Process Blog Home

“A Disrespectful Loyalty” (May 1970-March 1973) and “The Weight of Memory” (March 1973 onward)

As we cross the finish line of The Vietnam War marathon, I want to offer some thoughts about the documentary as a whole. First, despite all the Vietnamese voices it includes, this is a remarkably American film. The soundtrack, for example, is loaded with dozens of familiar and well-amplified 1960s rock songs while the music provided by the multicultural Silk Road Ensemble tends to hum quietly in the background. American soldiers, veterans, and their families get the first and last word of almost every episode and are granted the lion’s share of moral and political authority by a host of editorial decisions. There is another form of Americentrism, however, that may not be so obvious: the historical framing of the subject as a Cold War struggle in which the United States, acting on behalf of the “Free World,” intervened in a civil war to contain the spread of communism.

While that lens helps us understand the official American justification for war, it does not adequately explain the war itself, the Vietnamese experience, or the reason for U.S. defeat (a word the film’s narration avoids, preferring “failure” or “tragedy” instead). In the eyes of the Vietnamese victors—as for hundreds of millions of people around the world who sought to free themselves from colonial domination in the aftermath of World War II—the United States was not defending freedom and self-determination in Southeast Asia, but was waging an imperialist war of counterrevolution. The communist-led forces in North and South Vietnam did not think they were engaging in a civil war, but in a war of national liberation to achieve reunification and independence. True, as veteran and author Bao Ninh concedes, there was intense fighting between Vietnamese on different sides. However, for him and others who fought against the United States and its southern allies, the key symbolic map did not feature a red tide of communism spreading over Asia and Africa, but showed instead all the new nations recently liberated from colonial rule: India, Kenya, Senegal, Algeria, Ghana, and dozens of others. For them, the Americans were simply a new version of the old colonialists, or neocolonialists, who would seek to impose their authority by proxy.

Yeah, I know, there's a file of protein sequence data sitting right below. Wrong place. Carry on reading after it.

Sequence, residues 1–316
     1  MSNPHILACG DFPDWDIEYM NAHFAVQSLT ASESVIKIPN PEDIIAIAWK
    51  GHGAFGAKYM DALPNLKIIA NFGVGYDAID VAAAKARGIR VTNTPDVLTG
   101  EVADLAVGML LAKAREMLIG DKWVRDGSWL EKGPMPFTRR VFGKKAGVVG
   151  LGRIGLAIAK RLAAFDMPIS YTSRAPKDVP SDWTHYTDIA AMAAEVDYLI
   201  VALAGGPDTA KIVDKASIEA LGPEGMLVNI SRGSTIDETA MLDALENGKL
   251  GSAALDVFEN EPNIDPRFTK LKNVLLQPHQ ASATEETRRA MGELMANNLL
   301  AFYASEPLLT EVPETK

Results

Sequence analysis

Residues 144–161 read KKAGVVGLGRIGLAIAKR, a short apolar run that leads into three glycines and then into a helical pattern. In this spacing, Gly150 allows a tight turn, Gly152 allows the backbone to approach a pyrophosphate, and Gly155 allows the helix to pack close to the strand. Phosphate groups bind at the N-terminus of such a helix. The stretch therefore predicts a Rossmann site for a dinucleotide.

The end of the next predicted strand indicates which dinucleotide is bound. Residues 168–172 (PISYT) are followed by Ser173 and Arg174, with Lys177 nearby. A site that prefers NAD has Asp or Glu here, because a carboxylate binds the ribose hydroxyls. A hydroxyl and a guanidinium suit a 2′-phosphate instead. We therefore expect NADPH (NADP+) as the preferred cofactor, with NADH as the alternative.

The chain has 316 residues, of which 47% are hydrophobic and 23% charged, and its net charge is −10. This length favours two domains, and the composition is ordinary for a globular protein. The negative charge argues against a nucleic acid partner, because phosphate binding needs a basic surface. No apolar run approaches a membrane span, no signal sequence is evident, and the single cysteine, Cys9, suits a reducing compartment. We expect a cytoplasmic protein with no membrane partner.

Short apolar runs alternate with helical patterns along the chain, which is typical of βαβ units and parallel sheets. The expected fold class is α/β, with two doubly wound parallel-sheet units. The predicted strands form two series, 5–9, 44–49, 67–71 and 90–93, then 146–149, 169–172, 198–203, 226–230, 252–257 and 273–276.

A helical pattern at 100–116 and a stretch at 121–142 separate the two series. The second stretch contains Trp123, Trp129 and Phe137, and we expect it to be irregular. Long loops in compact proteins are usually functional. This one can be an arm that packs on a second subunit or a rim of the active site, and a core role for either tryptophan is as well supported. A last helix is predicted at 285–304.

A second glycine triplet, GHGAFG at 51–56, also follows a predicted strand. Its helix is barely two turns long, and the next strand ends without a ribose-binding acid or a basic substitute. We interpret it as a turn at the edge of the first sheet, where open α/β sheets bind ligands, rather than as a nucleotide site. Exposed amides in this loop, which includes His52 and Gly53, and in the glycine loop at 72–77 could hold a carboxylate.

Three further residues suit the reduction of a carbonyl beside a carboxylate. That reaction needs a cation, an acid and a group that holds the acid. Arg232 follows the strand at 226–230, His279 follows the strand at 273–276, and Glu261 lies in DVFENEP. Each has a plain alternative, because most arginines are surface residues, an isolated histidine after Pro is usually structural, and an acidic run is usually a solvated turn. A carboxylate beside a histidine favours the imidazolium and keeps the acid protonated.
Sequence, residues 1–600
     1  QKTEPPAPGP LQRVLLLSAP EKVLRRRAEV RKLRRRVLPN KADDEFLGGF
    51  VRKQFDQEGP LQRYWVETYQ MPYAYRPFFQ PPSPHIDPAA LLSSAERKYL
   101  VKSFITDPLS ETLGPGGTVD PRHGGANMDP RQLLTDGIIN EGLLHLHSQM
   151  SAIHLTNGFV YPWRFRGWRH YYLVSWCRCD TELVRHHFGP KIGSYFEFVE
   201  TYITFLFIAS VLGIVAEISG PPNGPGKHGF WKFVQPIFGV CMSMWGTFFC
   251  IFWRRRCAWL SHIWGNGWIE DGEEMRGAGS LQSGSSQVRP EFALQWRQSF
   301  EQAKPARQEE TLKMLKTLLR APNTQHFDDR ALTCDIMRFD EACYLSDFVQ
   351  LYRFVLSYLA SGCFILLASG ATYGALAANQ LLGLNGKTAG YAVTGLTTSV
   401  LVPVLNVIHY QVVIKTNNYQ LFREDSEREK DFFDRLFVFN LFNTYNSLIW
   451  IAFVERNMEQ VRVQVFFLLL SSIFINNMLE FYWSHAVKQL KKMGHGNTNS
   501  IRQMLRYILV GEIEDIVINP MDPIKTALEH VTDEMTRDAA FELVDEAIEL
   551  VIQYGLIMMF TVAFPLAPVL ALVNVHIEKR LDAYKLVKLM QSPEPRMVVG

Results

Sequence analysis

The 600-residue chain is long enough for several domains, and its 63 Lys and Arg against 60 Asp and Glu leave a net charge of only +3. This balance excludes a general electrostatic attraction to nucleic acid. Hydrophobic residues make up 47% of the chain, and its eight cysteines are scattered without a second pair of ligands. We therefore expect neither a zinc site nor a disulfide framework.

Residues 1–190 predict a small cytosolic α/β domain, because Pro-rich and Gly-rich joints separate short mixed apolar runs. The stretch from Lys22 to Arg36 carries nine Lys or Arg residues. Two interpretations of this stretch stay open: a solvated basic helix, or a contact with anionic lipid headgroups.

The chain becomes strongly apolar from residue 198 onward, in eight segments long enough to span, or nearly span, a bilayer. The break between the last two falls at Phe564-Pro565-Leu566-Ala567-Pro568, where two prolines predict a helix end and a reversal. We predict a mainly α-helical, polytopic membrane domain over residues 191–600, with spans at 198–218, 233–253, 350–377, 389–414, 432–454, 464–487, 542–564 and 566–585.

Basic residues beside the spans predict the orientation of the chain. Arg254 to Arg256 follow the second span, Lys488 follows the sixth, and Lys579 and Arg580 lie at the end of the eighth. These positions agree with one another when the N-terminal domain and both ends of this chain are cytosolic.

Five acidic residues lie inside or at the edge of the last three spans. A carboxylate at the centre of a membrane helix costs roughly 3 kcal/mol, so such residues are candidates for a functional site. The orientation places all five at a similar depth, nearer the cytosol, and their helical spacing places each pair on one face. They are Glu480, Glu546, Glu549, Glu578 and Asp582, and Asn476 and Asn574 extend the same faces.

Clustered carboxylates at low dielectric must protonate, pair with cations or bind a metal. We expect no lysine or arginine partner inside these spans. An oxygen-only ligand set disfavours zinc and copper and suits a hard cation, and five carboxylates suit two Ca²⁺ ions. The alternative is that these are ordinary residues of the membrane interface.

Although this anticolonial framework is introduced in this film by a few, mostly Vietnamese voices, it falls away almost entirely after the Americans come fully on the scene at the end of Episode 1. And after the last American troops leave in 1973, at the beginning of Episode 10 the narrator makes a stunningly misleading historical summation: “The Vietnamese people would find themselves back where they were at the beginning, engulfed in an apparently endless civil war.” The war was never primarily a civil war and after the United States ended its massive support of the South, the collapse of the Saigon government was inevitable. The Final Offensive by the North Vietnamese in spring 1975 was a rout.